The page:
Young Kids Could Spread COVID-19 As Much As Older Children and Adults

This shows a child and covid19
The ability of younger children to spread COVID-19 may have been under-recognized given the rapid and sustained closure of schools and daycare during the pandemic. Image is in the public domain.

Summary: Children younger than five with mild-to-moderate coronavirus have might higher levels of genetic materials for the virus in their noses compared to older children and adults. The findings suggest young children as able to transmit COVID-19 to the same degree as those in other age groups.

Source: Ann & Robert H. Lurie Children’s Hospital of Chicago

A study from Ann & Robert H. Lurie Children’s Hospital of Chicago discovered that children younger than 5 years with mild to moderate COVID-19 have much higher levels of genetic material for the virus in the nose compared to older children and adults. Findings, published in JAMA Pediatrics, point to the possibility that the youngest children transmit the virus as much as other age groups. The ability of younger children to spread COVID-19 may have been under-recognized given the rapid and sustained closure of schools and daycare during the pandemic.

“We found that children under 5 with COVID-19 have a higher viral load than older children and adults, which may suggest greater transmission, as we see with respiratory syncytial virus, also known as RSV,” says lead author Taylor Heald-Sargent, MD, PhD, pediatric infectious diseases specialist at Lurie Children’s and Assistant Professor of Pediatrics at Northwestern University Feinberg School of Medicine. “This has important public health implications, especially during discussions on the safety of reopening schools and daycare.”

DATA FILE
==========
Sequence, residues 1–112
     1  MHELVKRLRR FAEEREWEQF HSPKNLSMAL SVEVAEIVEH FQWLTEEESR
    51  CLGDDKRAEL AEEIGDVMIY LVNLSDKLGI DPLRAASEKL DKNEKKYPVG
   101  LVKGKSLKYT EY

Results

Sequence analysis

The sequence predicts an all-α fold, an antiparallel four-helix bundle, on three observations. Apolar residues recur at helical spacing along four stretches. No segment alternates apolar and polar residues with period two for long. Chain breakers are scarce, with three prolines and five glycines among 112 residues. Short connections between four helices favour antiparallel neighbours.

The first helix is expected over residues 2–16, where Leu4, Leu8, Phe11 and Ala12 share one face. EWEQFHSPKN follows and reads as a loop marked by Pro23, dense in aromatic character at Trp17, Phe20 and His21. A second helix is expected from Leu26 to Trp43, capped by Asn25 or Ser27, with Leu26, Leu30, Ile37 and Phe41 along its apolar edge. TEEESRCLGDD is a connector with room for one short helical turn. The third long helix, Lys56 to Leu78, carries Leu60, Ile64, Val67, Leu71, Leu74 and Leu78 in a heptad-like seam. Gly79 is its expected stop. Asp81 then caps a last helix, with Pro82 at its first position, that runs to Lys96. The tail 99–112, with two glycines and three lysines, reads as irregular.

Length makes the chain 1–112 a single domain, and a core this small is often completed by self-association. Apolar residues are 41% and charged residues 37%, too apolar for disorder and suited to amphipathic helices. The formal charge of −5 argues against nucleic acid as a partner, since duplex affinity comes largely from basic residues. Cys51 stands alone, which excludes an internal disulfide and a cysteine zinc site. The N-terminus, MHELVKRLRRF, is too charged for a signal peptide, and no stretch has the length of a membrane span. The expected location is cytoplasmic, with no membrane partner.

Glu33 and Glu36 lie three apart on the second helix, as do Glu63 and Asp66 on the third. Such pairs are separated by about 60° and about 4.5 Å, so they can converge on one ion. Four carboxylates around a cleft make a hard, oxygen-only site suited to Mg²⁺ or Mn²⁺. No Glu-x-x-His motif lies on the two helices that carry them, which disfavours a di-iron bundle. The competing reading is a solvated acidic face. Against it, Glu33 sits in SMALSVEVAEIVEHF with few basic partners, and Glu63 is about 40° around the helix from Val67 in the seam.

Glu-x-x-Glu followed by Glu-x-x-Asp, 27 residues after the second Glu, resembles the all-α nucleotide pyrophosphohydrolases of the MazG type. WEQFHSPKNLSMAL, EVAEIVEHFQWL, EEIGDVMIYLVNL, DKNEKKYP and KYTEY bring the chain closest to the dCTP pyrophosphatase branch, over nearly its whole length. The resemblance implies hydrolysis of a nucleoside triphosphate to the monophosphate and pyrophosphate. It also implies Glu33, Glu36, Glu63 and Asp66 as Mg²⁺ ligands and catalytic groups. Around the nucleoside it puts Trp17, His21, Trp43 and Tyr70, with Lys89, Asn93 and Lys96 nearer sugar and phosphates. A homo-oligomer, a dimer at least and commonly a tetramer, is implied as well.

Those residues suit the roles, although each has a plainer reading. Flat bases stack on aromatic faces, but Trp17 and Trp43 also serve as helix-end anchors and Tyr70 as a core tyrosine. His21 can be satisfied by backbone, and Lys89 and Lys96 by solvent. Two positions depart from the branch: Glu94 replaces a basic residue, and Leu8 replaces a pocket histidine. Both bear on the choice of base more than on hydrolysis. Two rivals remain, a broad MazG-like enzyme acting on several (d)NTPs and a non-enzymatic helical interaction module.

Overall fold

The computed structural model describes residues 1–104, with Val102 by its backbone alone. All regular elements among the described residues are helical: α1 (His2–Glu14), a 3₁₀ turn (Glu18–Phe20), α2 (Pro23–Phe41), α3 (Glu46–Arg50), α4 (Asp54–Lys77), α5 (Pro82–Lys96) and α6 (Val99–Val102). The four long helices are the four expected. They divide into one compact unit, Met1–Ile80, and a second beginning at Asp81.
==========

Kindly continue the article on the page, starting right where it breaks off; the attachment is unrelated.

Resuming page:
Dr. Heald-Sargent and colleagues analyzed 145 cases of mild to moderate COVID-19 illness within the first week of symptom onset. They compared the viral load in three age groups – children younger than 5 years, children 5-17 years and adults 18-65 years.

“Our study was not designed to prove that younger children spread COVID-19 as much as adults, but it is a possibility,” says Dr. Heald-Sargent. “We need to take that into account in efforts to reduce transmission as we continue to learn more about this virus.”

About this coronavirus research article

Source:
Ann & Robert H. Lurie Children’s Hospital of Chicago
Media Contacts:
Press Office – Ann & Robert H. Lurie Children’s Hospital of Chicago
Image Source:
The image is in the public domain.

Original Research: Open access
“Age-Related Differences in Nasopharyngeal Severe Acute Respiratory Syndrome Coronavirus 2 (SARS-CoV-2) Levels in Patients With Mild to Moderate Coronavirus Disease 2019 (COVID-19)” by Taylor Heald-Sargent, MD, PhD; William J. Muller, MD, PhD; Xiaotian Zheng, MD, PhD; Jason Rippe, JD; Ami B. Patel, MD, MPH; Larry K. Kociolek, MD, MSCI. JAMA Pediatrics.


Abstract

Age-Related Differences in Nasopharyngeal Severe Acute Respiratory Syndrome Coronavirus 2 (SARS-CoV-2) Levels in Patients With Mild to Moderate Coronavirus Disease 2019 (COVID-19)

Children are susceptible to infection with severe acute respiratory syndrome coronavirus 2 (SARS-CoV-2) but generally present with mild symptoms compared with adults.1 Children drive spread of respiratory and gastrointestinal illnesses in the population,2 but data on children as sources of SARS-CoV-2 spread are sparse.

Early reports did not find strong evidence of children as major contributors to SARS-CoV-2 spread,3 but school closures early in pandemic responses thwarted larger-scale investigations of schools as a source of community transmission. As public health systems look to reopen schools and day cares, understanding transmission potential in children will be important to guide public health measures. Here, we report that replication of SARS-CoV-2 in older children leads to similar levels of viral nucleic acid as adults, but significantly greater amounts of viral nucleic acid are detected in children younger than 5 years.

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